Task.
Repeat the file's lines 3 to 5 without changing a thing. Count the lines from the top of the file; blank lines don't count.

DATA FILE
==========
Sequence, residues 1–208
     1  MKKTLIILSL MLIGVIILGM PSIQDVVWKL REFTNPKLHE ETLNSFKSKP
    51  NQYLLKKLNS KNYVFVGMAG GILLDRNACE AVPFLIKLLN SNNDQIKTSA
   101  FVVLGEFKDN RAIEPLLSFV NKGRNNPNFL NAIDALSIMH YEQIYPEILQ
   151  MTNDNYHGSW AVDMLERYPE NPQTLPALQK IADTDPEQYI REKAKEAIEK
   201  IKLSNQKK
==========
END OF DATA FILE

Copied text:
    51  NQYLLKKLNS KNYVFVGMAG GILLDRNACE AVPFLIKLLN SNNDQIKTSA
   101  FVVLGEFKDN RAIEPLLSFV NKGRNNPNFL NAIDALSIMH YEQIYPEILQ
   151  MTNDNYHGSW AVDMLERYPE NPQTLPALQK IADTDPEQYI REKAKEAIEK